A Spanish firm that promised to create 180 jobs in Scotland, and was allocated £1.5 million of public money to locate here less than a year ago, has been making staff redundant.
Wind turbine maker Gamesa has let about half a dozen employees go from the offshore wind technology centre it opened in August.
Backed by a regional selective assistance (RSA) grant from Scottish Enterprise, Gamesa launched the £12.5m site at Bellshill, North Lanarkshire, with 40 staff and hoped to have 100 people in place by the end of 2011. Since then it has also committed to a £125m wind turbine manufacturing facility in Leith, which was slated to create 800 jobs and was described as a “validation” of the Scottish Government’s focus on renewable energy by First Minister Alex Salmond.
But The Herald has learned two Spanish engineers were let go from the centre at the end of March and earlier this month four Scots were moved on. The news has sparked calls by opposition politicians for the Scottish Government to investigate.
Mr Salmond performed the official opening of the centre in September and Gamesa chief executive Jorge Calvert pledged to be employing 180 people within three years. But the Spanish company reported its first quarterly loss for a decade in March this year and in May Mr Calvert was replaced.
It is understood there have never been more than 60 people working at Bellshill and around 20 Spanish staff are due to return to their home country by the end of July. Gamesa confirmed it currently employs more than 50 people at the centre.
Rhoda Grant, Shadow Minister for Energy, Enterprise and Tourism, said: “The news calls into question the public money being poured into Gamesa and the SNP strategy in attracting inward investment for our renewable energy sector. I urge the Government to investigate what has happened.”
Around £400,000 of the grant has already been paid with the remainder dependent on certain targets being hit. A spokesman for Scottish Enterprise said: “Payment of RSA is made in instalments, typically over several years as job and capital expenditure targets are met. An initial payment of £400,000 was paid to Gamesa in February 2012 on this basis.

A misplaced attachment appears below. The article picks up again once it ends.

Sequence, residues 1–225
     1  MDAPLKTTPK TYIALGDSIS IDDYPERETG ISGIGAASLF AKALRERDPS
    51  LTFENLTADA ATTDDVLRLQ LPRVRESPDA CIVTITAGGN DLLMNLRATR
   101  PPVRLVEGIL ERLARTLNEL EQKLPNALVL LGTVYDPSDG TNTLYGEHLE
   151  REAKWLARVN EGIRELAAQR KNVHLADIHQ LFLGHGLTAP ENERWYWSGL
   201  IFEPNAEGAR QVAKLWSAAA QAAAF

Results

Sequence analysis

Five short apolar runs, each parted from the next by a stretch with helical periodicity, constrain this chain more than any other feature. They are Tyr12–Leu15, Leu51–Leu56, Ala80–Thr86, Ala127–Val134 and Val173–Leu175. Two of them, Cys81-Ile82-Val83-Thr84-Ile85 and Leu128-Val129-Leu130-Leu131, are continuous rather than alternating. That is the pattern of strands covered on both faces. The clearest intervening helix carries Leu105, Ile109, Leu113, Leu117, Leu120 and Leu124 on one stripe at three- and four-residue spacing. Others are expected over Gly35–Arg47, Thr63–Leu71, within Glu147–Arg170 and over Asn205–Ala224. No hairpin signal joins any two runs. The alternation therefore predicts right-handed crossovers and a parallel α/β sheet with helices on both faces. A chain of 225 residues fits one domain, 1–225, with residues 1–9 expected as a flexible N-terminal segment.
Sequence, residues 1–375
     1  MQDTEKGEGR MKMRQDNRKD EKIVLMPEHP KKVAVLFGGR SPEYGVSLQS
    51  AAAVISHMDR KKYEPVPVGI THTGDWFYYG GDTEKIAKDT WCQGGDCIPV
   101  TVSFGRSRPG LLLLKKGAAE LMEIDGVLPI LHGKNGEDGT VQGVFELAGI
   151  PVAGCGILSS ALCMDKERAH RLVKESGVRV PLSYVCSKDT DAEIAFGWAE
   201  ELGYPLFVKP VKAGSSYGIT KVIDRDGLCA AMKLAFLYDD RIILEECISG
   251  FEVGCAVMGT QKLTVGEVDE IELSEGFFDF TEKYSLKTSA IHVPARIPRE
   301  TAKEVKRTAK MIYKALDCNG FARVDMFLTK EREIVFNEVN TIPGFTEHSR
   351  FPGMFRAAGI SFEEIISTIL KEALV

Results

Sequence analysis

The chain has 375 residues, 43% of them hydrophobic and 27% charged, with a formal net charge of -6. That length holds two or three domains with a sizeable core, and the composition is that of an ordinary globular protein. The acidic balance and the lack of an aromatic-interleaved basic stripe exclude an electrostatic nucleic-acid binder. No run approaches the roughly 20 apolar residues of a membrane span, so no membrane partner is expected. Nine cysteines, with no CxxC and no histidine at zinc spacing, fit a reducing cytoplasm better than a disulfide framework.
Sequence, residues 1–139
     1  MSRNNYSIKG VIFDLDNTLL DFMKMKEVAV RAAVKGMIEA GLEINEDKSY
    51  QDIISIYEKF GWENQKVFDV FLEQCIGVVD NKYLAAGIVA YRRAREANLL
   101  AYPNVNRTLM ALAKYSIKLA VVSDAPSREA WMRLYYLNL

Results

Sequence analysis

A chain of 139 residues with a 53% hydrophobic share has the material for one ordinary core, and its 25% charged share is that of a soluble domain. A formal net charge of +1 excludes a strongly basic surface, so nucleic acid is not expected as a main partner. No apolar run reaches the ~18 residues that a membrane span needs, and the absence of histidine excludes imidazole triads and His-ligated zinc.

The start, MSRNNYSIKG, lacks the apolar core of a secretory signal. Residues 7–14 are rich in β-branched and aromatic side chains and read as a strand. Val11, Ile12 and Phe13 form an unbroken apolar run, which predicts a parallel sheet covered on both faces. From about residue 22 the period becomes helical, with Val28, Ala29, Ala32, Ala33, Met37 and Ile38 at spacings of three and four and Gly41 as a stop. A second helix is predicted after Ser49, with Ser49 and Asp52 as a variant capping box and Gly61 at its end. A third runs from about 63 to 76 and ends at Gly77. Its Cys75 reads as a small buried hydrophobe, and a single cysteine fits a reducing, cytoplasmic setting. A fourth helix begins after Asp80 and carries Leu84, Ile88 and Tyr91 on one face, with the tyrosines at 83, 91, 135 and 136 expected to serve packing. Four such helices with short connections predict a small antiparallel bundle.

“Conditions have been met for this payment and we will continue to work with the company to help build its presence in Scotland and take full advantage of opportunities in the sector.”
The engineering team at Bellshill was tasked with developing a seven megawatt (MW) offshore wind turbine known as G14X. But since the end of 2011 that project has been scaled back with resources being put into other projects including developing a 4.5MW onshore turbine and a 5MW offshore one.
Michael McMahon, Labour MSP for Uddingston and Bellshill, said: “Gamesa was used only three months ago by Alex Salmond as an example of his track record of inward investment. With these redundancies, I remain to be convinced Gamesa is still committed to the Offshore Technology Centre at Strathclyde Business Park.”
David Blunt, director of public policy for Gamesa in the UK, said the redundancies were “regrettable” but added: “I am not seeing any waning in Gamesa’s interest in the UK offshore wind sector and it is very much recognised as high priority.
“We are continuing to work very hard to establish a manufacturing site in Leith but we need a secure pipeline of orders to underpin that interest.”
Gamesa signed a memorandum of understanding with Forth Ports over the Leith plant in March this year.
Last week Vestas, the world’s biggest wind turbine maker, abandoned plans to build a base in Kent that had promised to create 2000 jobs.
A Scottish Government spokesman said: “Gamesa is an important player in the global offshore wind sector. We will support Scottish Enterprise in their work to help the company develop in Scotland.”
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